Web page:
That idea of the comfort of Western democracy, the way that having a lot of stuff makes us sloppy about the ideals of our system, makes us selfish and more likely to betray some mythic community-oriented past none of us is old enough to have lived through, is something that runs throughout this finale. Birgitte wants to remind the Danish people that they can come together to be more than the sum of each individual part. They can rise up out of their comfortable stupor and move past all their nice things and be a great people again. That’s an inspiring enough thing to hear, and it’s a worthy goal to build toward. Yet as Birgitte says all of this, she’s just lived through a week that’s seen her lose her husband, push away her strongest supporter in Parliament, and slowly isolate herself from everyone. And Hesselboe is right when he says the speech is empty rhetoric. Some of this is because it’s a speech made in a TV show, sure, but Birgitte makes no policy proposals, nor does she argue for anything more than people coming together for the greater good. It’s an easy answer, a panacea.
Borgen has really hit its stride in this last bunch of episodes, turning from a series of standalone stories about how Birgitte compromised her (intentionally poorly explained) values to get ahead in the cutthroat world of Danish parliament. This slow build could be frustrating at times—particularly on a week-by-week basis—but it was necessary to make the events of the final four episodes of the season as devastating and emotional as they have been. This episode is a bit of a step down from last week’s—the season’s pinnacle—and I found the way the Bent storyline was shoehorned in there a little strange. (It seems to almost be in there just so Birgitte has to suffer in her professional and personal lives, a weird dichotomy that has hurt the show more than it’s helped it this season.) But for the most part, this is a beautifully subdued and sorrowful episode of television, marked by that ending where Birgitte, all alone, signs her name, proving her staying power in the job but also everything she’s had to give away to get that job.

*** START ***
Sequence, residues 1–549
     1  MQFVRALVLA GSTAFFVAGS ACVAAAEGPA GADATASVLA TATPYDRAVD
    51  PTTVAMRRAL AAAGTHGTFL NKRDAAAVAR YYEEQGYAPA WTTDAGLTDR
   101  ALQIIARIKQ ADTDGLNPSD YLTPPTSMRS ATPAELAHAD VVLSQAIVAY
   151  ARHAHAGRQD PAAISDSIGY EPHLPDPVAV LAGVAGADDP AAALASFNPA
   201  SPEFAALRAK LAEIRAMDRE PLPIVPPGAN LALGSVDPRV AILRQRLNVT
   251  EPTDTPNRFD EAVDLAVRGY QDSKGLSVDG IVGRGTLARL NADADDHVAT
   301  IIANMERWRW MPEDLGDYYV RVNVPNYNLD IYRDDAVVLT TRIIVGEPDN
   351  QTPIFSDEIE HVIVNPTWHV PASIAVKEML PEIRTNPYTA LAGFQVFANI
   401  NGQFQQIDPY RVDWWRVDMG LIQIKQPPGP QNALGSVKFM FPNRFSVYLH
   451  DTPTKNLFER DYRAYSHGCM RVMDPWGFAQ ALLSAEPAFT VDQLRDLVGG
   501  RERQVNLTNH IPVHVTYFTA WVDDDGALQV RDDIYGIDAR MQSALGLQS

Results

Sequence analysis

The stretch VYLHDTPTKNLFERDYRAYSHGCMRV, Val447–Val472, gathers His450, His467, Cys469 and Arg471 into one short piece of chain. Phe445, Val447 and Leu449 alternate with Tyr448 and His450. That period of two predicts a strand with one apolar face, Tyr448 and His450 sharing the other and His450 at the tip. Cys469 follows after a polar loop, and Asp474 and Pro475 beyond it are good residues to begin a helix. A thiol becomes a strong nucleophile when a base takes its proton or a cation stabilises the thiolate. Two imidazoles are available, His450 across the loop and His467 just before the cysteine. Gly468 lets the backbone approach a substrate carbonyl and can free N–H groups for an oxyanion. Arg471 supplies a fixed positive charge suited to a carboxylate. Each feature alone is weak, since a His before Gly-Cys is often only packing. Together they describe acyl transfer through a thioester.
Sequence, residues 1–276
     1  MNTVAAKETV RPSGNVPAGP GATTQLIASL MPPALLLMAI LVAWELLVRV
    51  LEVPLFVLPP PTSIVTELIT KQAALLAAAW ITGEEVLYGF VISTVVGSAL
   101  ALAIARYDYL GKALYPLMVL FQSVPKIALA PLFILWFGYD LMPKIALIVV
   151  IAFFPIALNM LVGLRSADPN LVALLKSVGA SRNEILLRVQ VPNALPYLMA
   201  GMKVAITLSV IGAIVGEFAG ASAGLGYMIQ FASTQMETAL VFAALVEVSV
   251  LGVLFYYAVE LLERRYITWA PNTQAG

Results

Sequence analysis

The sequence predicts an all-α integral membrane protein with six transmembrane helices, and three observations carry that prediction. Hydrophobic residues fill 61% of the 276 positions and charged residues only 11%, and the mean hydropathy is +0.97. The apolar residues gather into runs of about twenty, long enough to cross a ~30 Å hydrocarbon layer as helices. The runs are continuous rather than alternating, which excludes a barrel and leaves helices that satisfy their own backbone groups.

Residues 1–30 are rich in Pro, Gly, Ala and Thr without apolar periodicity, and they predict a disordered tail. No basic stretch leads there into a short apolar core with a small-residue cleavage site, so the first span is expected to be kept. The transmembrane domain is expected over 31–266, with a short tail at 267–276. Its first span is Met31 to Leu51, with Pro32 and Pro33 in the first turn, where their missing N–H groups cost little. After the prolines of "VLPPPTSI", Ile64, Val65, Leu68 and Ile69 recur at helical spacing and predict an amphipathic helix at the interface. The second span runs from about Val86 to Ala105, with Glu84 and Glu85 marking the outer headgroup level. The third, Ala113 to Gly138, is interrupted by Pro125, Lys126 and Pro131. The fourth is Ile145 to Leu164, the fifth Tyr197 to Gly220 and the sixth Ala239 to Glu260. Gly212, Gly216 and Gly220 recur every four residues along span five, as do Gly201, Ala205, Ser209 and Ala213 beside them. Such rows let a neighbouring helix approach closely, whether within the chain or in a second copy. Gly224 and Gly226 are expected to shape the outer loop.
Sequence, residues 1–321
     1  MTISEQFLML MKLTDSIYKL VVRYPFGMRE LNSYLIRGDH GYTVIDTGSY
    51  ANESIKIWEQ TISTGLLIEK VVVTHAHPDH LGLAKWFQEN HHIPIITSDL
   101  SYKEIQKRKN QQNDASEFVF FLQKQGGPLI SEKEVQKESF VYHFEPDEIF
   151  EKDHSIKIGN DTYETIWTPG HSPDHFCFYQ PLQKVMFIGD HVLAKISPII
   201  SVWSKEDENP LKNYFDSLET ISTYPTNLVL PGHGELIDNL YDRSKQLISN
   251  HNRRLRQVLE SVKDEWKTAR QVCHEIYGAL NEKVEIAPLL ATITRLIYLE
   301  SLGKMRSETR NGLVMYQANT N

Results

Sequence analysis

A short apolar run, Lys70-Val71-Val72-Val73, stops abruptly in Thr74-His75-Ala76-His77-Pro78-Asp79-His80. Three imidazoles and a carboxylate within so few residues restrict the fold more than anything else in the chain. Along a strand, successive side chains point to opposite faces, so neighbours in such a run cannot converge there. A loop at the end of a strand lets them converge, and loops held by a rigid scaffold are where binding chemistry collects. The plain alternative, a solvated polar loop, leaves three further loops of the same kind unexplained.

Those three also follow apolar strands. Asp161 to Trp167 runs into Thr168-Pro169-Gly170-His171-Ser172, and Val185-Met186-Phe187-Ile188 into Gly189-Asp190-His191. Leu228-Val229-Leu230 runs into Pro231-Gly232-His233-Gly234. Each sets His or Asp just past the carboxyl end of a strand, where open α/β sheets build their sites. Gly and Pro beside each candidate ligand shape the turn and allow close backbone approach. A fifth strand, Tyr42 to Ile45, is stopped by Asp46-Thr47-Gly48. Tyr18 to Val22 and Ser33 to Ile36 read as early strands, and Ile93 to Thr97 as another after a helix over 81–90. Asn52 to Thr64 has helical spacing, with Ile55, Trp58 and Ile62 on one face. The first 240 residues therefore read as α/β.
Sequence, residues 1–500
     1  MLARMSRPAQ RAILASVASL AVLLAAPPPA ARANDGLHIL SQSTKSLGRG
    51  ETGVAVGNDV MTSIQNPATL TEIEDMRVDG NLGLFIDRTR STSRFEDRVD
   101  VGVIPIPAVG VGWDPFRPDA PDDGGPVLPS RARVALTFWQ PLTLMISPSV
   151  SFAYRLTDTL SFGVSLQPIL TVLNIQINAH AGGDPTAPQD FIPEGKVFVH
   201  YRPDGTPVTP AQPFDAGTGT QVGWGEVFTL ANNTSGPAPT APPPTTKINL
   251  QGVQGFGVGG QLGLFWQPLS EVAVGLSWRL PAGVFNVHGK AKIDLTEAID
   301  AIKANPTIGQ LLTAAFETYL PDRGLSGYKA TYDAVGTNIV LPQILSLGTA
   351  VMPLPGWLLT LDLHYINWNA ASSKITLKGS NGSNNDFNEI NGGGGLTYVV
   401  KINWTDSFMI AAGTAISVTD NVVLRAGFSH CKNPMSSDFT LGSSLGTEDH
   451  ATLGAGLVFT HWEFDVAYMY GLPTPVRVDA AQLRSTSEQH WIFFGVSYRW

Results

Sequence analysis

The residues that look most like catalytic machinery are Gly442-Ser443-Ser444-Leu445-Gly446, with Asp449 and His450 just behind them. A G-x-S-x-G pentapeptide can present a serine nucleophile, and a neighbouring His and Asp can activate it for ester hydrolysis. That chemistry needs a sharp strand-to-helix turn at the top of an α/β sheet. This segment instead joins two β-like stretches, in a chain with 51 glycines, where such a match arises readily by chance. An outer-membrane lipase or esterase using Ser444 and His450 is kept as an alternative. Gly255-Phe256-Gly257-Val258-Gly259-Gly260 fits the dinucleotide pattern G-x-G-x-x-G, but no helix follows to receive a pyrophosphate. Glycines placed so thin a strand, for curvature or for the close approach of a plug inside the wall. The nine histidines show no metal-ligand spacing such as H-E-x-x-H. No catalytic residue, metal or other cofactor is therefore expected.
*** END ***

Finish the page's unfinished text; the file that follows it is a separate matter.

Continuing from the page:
The show’s best element has been the way it uses Birgitte and Katrine as a kind of internal point-counterpoint on every single storyline, and where Birgitte has gradually compromised away everything she holds dear in order to maintain power, Katrine quits her job after Torben signs away editing rights on that piece to the Prime Minister’s office. (The scene where Ulrik happens upon Kasper casually hanging out in the editing bay is stomach-churning.) That’s the thing, though: If Katrine holds onto her ideals and quits, nothing much happens, in terms of the country. Sure, the press is a little poorer for not having her, but there are other good reporters. And yet if you’re a member of Birgitte’s party, if you believe that she and her coalition have the best chance of leading Denmark forward, her losing power would be a travesty. Hesselboe would probably end up back in power again, and what a jerk that guy is!